HOLLYWOOD — Given the unexpectedly Spartan box-office take of Disney’s “Hercules” — by Disney standards anyway — many animation industry watchers are wondering if the much-touted animated feature fray is going to implode before it even gets underway. The next chapter in the drama unfolds in November, when 20th Century Fox’s lavish, Cinemascope version of “Anastasia” hits theaters.
More than any other recent challenger to the Disney crown (with the exception of Warner Bros. “Space Jam,” which mixed animation with live action), “Anastasia” represents an evening of the playing field. Unlike Turner’s “Cats Don’t Dance,” which received lackadaisical handling from Warners after it merged with Turner and died quickly, and Nest Entertainment’s “The Swan Princess: Escape from Castle Mountain,” which came and went with less advance warning that most terrorist attacks, “Anastasia” will be supported by a major marketing blitz and significant advance buzz. The film’s release can also draw upon ample cross-promotional opportunities through Fox’s television presence.
Also unlike recent would-be contenders, “Anastasia’s” filmmakers, Don Bluth and Gary Goldman, have a proven track record at the box office, albeit one tarnished from an ill-fated sojourn in Ireland. Under Steven Spielberg’s aegis, however, the duo turned out the most successful non-Disney toon feature in history, 1986’s “An American Tail,” which earned a then-record box-office take for an animated feature: $47-million (a number since broken in 1988 by Disney’s “Oliver and Company” and several other times since).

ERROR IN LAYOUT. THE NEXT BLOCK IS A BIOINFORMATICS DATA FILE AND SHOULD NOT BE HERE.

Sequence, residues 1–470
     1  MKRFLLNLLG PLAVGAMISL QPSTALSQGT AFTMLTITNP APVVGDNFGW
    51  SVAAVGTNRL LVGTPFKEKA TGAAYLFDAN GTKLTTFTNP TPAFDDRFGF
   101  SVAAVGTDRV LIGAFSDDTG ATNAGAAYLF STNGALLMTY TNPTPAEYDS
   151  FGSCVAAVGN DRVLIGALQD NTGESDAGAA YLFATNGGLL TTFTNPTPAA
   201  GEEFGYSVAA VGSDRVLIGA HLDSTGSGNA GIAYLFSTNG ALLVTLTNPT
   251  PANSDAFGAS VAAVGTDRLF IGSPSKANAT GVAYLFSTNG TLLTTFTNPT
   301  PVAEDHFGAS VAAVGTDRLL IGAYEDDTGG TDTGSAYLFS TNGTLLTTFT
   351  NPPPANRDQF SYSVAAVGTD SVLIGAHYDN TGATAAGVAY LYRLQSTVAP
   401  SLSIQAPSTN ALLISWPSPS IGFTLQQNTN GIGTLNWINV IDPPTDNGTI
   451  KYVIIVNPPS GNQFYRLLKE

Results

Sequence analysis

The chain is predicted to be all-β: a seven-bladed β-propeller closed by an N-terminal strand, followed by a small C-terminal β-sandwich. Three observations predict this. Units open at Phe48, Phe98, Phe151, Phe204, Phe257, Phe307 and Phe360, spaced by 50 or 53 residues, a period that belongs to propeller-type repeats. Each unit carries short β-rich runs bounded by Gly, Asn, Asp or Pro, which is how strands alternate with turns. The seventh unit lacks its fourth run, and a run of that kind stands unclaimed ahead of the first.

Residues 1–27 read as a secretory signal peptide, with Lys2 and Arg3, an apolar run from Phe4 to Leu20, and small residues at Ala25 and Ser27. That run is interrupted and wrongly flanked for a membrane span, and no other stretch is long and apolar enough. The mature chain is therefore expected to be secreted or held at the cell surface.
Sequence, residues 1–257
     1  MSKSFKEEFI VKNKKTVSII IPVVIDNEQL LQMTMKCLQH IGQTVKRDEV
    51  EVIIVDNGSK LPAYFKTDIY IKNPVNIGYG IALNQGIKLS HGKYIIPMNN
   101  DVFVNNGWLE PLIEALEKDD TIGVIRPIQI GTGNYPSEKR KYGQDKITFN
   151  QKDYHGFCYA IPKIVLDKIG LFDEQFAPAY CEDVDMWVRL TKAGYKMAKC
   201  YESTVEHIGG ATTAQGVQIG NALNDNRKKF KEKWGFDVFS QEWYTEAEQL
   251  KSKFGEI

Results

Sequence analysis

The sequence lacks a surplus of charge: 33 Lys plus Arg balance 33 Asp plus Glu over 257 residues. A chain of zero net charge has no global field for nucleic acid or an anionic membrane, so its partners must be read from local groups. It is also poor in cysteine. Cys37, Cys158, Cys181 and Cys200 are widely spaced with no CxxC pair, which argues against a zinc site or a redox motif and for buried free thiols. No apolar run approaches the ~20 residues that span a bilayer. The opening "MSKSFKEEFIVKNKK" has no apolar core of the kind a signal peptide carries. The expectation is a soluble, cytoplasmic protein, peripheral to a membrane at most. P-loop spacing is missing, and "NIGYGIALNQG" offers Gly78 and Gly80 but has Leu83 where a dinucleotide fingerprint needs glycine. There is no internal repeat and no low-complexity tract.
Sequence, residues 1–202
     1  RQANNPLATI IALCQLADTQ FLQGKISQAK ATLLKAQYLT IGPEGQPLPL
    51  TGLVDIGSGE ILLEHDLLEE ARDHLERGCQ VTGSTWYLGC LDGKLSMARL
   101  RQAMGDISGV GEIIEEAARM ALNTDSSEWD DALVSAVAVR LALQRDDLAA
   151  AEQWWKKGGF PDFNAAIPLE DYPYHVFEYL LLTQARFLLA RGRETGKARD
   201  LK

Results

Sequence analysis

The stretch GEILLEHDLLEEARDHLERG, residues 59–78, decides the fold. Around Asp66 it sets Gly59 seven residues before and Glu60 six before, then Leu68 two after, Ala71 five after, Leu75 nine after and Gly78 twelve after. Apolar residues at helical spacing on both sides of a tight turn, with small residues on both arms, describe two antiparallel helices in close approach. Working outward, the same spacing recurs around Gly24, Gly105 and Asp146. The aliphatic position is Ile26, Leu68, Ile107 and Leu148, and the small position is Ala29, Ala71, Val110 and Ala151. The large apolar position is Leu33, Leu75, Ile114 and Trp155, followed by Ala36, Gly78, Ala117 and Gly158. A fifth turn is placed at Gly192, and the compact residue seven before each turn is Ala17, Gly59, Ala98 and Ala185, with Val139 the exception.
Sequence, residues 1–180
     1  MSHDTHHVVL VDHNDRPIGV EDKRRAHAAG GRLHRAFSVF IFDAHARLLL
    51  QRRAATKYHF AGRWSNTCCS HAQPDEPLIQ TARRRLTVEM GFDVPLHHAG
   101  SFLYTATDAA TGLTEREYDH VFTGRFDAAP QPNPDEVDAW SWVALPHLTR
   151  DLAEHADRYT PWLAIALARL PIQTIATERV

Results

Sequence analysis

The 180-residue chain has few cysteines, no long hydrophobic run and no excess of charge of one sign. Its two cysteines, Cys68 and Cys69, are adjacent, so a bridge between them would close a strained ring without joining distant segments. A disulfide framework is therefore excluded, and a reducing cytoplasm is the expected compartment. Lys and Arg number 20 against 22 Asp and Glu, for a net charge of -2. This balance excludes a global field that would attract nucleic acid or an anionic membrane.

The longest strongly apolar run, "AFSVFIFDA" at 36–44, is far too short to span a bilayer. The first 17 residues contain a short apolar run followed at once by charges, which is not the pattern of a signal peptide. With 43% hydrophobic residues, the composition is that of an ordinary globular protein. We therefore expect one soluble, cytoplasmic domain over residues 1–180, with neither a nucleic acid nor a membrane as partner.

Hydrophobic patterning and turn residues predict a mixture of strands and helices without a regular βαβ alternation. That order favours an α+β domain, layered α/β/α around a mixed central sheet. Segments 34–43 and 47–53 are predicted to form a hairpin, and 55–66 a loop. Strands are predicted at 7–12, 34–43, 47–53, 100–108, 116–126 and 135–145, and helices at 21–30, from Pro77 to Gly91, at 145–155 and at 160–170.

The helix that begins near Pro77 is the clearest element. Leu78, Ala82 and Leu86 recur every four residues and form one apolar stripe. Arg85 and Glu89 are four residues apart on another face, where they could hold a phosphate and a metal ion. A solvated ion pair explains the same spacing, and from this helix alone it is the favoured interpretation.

For “Anastasia,” Bluth and Goldberg have eschewed the faux-Disney style, giving the picture a distinctive, realistic look through nuanced character animation, computer-enhanced action and a live-action cutting style. While it remains to be seen whether audiences will flock to a fanciful, fairy-taleish spin on real 20th century events, the artistic promise shown in early preview screenings, combined with Fox’s marketing muscle, should give “Anastasia” the best chance of any recent film to break Disney’s monopoly on the toon pic biz.
Should, however, the picture fail at the box office, it will send an ominous message to every other studio currently spending millions of dollars on animated films, including, perhaps, Disney itself.